Mark
 

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Discussion Starter #11
Henner,

How do you connect the bike pump to the boiler? I have a goodall valve and a good bike pump with its own pressure gauge. No need to over pressure, either. I just want to see if I have good connections.

Thanks,

Mark
 

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No, I should NOT have used the word "explosion".

BUT, I did say it was not the "BEST" method. I have done it. I used to generate the initial draft for starting the fire by connecting a filled air tank to the water inlet clack valve and opening the blower valve. This works just fine, I open the blower valve, then barely open the outlet valve of the tank until I get a good draft on the fire. By having the blower valve open first and not opening the tank valve far enough to overwhelm the blower there is never more than a few pounds of pressure in the boiler. But... I nearly damaged the locomotive's pressure gauge once by closing the blower valve BEFORE I closed the tank valve which then still had 150 lbs applied to the boiler.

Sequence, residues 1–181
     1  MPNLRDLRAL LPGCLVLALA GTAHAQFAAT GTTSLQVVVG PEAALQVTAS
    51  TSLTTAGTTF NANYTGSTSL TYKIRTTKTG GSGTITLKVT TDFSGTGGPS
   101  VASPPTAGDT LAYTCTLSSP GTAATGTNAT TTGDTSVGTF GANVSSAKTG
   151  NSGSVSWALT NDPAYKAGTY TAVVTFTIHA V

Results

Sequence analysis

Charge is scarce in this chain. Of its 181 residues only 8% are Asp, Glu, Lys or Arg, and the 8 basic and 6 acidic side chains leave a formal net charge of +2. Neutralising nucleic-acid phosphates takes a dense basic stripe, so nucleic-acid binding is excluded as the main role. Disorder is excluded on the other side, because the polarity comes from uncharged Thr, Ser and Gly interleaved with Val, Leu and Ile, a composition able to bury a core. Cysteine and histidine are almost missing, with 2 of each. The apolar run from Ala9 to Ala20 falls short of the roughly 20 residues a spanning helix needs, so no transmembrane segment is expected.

As for "explosion", yes, our tiny boilers are not big enough for that fabled "Critical Crack Length"... BUT... there are fittings applied to the tank (and piping around and about on it), that could give way and shoot off in any sort of direction (shrapnel)... I HAVE seen that!

If your locomotive is buttoned up and you don't want to discombobulate it to get to a point after the boiler, then use the clack valve (Goodall) and all CAN be fine, IF you pay attention to the pressure being applied.

One thrust on the bicycle pump will produce several cycles of the pistons on the engine. But, 60 psi of nothing but air in the boiler will not run the engine for very long, so there is that ever present temptation to make a bunch of thrusts to get the engine to run for a minute or more so you can see what it is doing without huffing and puffing and chancing pulling the loco off the bench (because the hoses are too short for all the violent thrashing around you are doing working the pump). Thus you get the boiler up to 150 or more pounds before you realize you just broke the pressure gauge, collapsed the flue, ruptured a seam, shattered the sight glass or stripped the threads off a cap somewhere.

Also, the failure will not be preceded by warnings of its impending occurrence. It is not like Daddy chasing the kid, saying "I'm gonna get you, I'm gonna get you... tickle tickle tickle!" it is, rather, "Whump!", damaged, done.

Don't chance the pressure getting out of hand and it will work just fine.
 

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Discussion Starter #14
Charles,